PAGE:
Dr. Gutowski said that through their research they identified the key factor in the liposuction complication risk to be the patient’s BMI.  Those with the higher BMI were better able to tolerate large-scale fat removal during the procedure than those with a lower BMI.  To put it simply, obese patients may be able to tolerate larger volumes of fat extracted during any one liposuction procedure without an increased risk of complications.  Those who have less fat to remove, would experience a “more exponential increase in risk” the more fat they extract.

Patient’s BMI can help determine what liposuction treatment to undergo

The patient’s weight prior to undergoing liposuction surgery can not only be used to indicate the safe level of fat that can be removed, but also the type of liposuction procedure.  For example, those who are overweight and require large amounts of fat removal perhaps over the course of several liposuction treatments would be better suited to the Mega Liposuction procedure.

Patients who require less fat to be removed on the other hand, but are having trouble shifting the weight in problem areas such as the love handles or abdomen would be better candidates for Vaser Liposuction.  And those who are seeking a more defined, athletic physic can achieve great results from Vaser Hi Definition Liposuction, which can accurately sculpt the body.

The patient’s own individual risks could be considered

From a risk perspective, the results from the recent study promoted the authors to introduce the concept of a “relative liposuction volume threshold” which is based on BMI.  This tool enables surgeons to have a sliding scale to assess complication risk and see where this would increase, but co-author Dr. John Y.S. Kim of Northwestern University, Feinberg School of Medicine, Chicago emphasises this does not provide an absolute limit on the volume of fat removed during a liposuction procedure.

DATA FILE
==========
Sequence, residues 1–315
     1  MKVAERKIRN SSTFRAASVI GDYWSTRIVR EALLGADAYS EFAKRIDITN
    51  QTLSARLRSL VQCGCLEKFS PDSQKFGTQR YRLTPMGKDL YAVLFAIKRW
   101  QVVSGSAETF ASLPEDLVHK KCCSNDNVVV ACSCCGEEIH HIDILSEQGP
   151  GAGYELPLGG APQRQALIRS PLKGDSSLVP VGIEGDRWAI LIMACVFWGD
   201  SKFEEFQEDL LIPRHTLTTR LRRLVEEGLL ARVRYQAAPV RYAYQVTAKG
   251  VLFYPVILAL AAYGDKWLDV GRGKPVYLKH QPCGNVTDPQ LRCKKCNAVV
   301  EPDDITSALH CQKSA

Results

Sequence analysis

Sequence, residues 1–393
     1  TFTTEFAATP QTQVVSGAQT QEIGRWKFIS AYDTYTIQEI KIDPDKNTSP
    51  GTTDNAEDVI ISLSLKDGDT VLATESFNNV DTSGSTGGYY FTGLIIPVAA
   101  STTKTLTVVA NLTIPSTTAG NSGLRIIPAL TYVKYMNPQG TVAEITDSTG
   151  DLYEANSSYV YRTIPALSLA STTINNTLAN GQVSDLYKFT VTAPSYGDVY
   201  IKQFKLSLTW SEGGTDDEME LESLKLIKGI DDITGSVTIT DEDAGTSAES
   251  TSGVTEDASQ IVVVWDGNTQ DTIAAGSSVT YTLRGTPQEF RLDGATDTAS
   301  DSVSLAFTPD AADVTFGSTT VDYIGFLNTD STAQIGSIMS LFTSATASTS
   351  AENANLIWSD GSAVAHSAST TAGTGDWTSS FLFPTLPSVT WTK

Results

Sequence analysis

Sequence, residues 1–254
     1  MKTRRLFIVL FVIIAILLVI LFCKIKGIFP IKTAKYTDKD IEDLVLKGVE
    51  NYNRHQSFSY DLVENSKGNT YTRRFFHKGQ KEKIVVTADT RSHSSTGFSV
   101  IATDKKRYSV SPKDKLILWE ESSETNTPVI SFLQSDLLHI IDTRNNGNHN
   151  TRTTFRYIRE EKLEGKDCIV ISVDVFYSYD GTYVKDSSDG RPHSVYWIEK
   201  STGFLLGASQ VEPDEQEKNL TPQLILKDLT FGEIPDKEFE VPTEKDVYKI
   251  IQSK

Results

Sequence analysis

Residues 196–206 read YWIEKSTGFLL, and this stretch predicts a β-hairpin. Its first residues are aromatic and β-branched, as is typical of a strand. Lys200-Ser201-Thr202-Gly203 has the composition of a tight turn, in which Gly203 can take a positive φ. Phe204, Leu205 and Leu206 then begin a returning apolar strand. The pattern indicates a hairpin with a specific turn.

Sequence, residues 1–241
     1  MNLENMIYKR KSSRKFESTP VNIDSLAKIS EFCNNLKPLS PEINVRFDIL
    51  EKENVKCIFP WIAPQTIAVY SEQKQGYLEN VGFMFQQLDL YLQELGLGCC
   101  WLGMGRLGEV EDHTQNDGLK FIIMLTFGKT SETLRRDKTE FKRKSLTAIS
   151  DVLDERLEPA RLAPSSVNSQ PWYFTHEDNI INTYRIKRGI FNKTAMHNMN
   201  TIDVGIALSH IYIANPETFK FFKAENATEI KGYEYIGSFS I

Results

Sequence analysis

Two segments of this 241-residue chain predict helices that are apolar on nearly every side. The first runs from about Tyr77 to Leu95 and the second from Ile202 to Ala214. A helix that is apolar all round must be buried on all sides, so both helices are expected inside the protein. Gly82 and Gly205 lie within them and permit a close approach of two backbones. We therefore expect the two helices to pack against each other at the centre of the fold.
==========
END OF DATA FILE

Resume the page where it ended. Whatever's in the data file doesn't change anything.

While the researchers suggest that a BMI sliding scale approach may be more suitable for determining the safe levels of fat removal, each patient’s own individual risk factors must be considered.  No cosmetic surgery procedure is risk-free including liposuction.  Considerations such as the length of the surgery, adjunct cosmetic procedures and the patients overall health prior to surgery should all be taken into account when evaluating the liposuction risk.

Some of the risk associated with excessive amount of fat removal include:

  • Unattractive lumpiness or hallow dimpling of the skin where areas have been “over-suctioned”
  • Increase health risks such as anaesthesia-related reactions, infections and oedema
  • Longer surgical procedures which could increase the likelihood of blood clots forming, seromas, drop in blood pressure and toxicity

Patient may just not benefit from having more fat removed

While the current guidelines state that the fat removed from liposuction patients should not exceed the recommended 5 litres in any one procedure, it is not just because of the risks.  Often we don’t remove more than this amount, as most patients simply don’t benefit from having more fat removed.  Liposuction is a procedure we use to enhance the body shape and remove isolated fat deposits, rather than to serve as a quick weight-loss tool and get rid of large amounts of fat.

Patients with larger deposits of fat and requiring greater amounts removed may be better candidates for procedures such as tummy tuck or thigh lift.  Those who are overweight and want to undergo liposuction may see better results losing some of the additional weight through exercise and diet prior to the treatment.

Over the years, the advancement in liposuction techniques and technology have meant that a larger number of fat cells can be removed with less risk, less blood loss and discomfort as well as reduced recovery periods. The BMI sliding scale developed as a result of the recent study could be used to assist in evaluating the safe amount of fat to remove depending on the individual patient.

“Our risk assessment tool can further aid shared decision-making between the surgeon and patient by linking BMI and liposuction volumes,” adds Dr. Kim.